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Computation in History: Styles and Methods

IP.com Disclosure Number: IPCOM000131344D
Original Publication Date: 1978-Aug-01
Included in the Prior Art Database: 2005-Nov-10
Document File: 13 page(s) / 56K

Publishing Venue

Software Patent Institute

Related People

David Herlihy: AUTHOR [+3]

Abstract

Recent advances in interactive computing and file management systems help the historian fulfill his traditional function as a collector, critic, and interpreter of documents. Historical projects and studies involving the computer grow daily ever more numerous, and ever more elaborate and ambitious. The bibliography of machine-assisted historical studies, compiled by the journal Computers and the Humanities, now runs to several hundred items every year, distributed across a wide range of countries, periods, and topics.) This review of past application and present promise of the computer in historical studies must perforce remain partial and incomplete; it also necessarily reflects the professional experiences and interests -- and the limited competence -- of the author. I am a historian of the medieval economy and society, and my direct experience with computers has been confined to their use in the analysis of fiscal and administrative records of the Middle Ages. Moreover, I have had no immediate acquaintance with the use of computers in the formal analysis of literary texts. This new and developing field has obvious relevance to historical criticism as well as to stylistic and literary analysis, but in spite of its great potential, I must limit this survey to what I know best: the computer-assisted analysis of serial records, bequeathed to us by the societies of the past.2 Some few definitions would seem to be in order. A ";serial record"; in our use of the term is a logical unit of documentation, forming part of a series, set, or array of comparable logical units. The array is often defined temporally, as in a time series, or spatially, as in a territorial survey; but it can as easily be based on any principle of organization. The records are comparable in the sense that they all respond, as it were, to the same questionnaire. They assign, in other words, values, both numerical and nominal, to the same set of variables. Common examples of serial records would be charters in a chartulary; manorial court rolls; household registrations in a census; entries in a baptismal, marriage, or death register; voting returns by ward, country, or state; roll calls in a legislative assembly; and so on endlessly. The raw material of quantitative history is not, it should be noted, exclusively or even primarily quantities. But the data, even if nominal in character, must be logically related, and they must be amenable to analysis by formal methods.

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THIS DOCUMENT IS AN APPROXIMATE REPRESENTATION OF THE ORIGINAL.

This record contains textual material that is copyright ©; 1978 by the Institute of Electrical and Electronics Engineers, Inc. All rights reserved. Contact the IEEE Computer Society http://www.computer.org/ (714-821-8380) for copies of the complete work that was the source of this textual material and for all use beyond that as a record from the SPI Database.

Computation in History: Styles and Methods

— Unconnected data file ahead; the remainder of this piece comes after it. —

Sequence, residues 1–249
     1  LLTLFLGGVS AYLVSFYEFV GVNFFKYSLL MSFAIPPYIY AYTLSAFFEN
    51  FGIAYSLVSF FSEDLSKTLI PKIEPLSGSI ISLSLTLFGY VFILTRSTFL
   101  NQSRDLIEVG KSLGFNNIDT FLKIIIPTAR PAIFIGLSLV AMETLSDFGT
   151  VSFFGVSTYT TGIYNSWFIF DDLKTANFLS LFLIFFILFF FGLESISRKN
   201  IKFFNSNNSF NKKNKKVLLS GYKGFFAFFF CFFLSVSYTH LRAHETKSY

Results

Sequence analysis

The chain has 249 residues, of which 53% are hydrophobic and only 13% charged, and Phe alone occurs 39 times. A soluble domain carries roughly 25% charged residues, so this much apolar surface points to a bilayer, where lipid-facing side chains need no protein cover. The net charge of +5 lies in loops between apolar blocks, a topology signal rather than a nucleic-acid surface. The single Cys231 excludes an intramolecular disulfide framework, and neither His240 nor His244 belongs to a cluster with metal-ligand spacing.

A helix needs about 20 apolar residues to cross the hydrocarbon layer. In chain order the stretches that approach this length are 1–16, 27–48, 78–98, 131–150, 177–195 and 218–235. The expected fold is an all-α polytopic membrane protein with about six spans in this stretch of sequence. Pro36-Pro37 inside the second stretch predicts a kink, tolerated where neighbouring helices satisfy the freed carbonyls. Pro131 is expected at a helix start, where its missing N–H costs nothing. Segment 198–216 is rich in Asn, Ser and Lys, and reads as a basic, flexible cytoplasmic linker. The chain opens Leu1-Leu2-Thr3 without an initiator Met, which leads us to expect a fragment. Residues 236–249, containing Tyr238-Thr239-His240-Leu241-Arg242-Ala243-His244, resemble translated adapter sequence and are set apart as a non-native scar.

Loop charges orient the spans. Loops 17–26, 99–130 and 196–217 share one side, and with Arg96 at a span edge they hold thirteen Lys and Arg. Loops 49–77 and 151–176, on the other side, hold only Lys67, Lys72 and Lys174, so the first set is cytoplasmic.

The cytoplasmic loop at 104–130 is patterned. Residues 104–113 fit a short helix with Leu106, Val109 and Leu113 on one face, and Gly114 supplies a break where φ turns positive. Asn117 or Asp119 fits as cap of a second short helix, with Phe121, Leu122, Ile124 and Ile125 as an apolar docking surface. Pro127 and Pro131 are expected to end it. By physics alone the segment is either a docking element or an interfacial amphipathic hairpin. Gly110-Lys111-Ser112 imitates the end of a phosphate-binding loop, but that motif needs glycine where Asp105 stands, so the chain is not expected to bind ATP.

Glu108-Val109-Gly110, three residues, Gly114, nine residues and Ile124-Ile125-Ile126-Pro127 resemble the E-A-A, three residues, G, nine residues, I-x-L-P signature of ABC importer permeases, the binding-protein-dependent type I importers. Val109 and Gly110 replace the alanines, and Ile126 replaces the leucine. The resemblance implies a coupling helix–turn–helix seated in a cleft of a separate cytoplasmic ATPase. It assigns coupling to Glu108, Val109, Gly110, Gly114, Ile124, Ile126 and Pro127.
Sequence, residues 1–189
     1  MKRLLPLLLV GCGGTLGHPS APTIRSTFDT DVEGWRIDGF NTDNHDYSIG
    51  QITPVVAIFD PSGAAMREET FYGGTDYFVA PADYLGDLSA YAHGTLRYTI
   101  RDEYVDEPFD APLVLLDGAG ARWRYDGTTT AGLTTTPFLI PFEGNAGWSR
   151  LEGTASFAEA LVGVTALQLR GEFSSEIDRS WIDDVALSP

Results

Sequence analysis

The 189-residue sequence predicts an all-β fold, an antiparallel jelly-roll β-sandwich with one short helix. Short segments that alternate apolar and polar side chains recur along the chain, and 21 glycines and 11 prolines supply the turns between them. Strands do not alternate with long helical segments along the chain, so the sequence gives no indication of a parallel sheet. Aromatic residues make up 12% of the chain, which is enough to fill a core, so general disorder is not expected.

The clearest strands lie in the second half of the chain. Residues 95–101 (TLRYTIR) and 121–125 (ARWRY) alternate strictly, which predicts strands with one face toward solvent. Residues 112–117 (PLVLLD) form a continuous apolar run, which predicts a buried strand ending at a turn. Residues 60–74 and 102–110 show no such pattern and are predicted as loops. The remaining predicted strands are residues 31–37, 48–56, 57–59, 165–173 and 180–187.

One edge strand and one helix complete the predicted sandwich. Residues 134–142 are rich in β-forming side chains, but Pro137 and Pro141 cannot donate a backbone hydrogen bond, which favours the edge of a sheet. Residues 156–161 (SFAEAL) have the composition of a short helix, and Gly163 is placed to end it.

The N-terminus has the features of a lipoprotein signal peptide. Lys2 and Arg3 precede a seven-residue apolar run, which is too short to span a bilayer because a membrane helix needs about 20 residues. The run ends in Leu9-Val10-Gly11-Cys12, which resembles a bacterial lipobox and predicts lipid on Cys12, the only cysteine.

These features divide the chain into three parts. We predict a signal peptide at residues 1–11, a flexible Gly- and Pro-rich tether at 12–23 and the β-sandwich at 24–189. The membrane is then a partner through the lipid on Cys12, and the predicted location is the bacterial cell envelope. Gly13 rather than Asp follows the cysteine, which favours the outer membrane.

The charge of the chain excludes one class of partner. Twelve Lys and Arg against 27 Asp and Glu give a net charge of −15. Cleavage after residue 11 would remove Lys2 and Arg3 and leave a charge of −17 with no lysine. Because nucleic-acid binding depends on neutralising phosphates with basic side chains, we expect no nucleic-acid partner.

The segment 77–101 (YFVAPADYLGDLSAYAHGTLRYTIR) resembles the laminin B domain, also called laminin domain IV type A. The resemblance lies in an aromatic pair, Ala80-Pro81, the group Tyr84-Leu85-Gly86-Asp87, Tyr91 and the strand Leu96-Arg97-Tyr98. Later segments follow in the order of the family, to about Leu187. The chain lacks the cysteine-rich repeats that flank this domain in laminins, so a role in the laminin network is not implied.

David Herlihy

Harvard University

Recent advances in interactive computing and file management systems help the historian fulfill his traditional function as a collector, critic, and interpreter of documents.

Historical projects and studies involving the computer grow daily ever more numerous, and ever more elaborate and ambitious. The bibliography of machine-assisted historical studies, compiled by the journal Computers and the Humanities, now runs to several hundred items every year, distributed across a wide range of countries, periods, and topics.) This review of past application and present promise of the computer in historical studies must perforce remain partial and incomplete; it also necessarily reflects the professional experiences and interests -- and the limited competence -- of the author. I am a historian of the medieval economy and society, and my direct experience with computers has been confined to their use in the analysis of fiscal and administrative records of the Middle Ages. Moreover, I have had no immediate acquaintance with the use of computers in the formal analysis of literary texts. This new and developing field has obvious relevance to historical criticism as well as to stylistic and literary analysis, but in spite of its great potential, I must limit this survey to what I know best: the computer-assisted analysis of serial records, bequeathed to us by the societies of the past.2 Some few definitions would seem to be in order. A "serial record" in our use of the term is a logical unit of documentation, forming part of a series, set, or array of comparable logical units. The array is often defined temporally, as in a time series, or spatially, as in a territorial survey; but it can as easily be based on any principle of organization. The records are comparable in the sense that they all respond, as it were, to the same questionnaire.

They assign, in other words, values, both numerical and nominal, to the same set of variables. Common examples of serial records would be charters in a chartulary; manorial court rolls; household registrations in a census; entries in a baptismal, marriage, or death register; voting returns by ward, country, or state; roll calls in a legislative assembly; and so on endlessly. The raw material of quantitative history is not, it should be noted, exclusively or even primarily quantities. But the data, even if nominal in character, must be logically related, and they must be amenable to analysis by formal methods.

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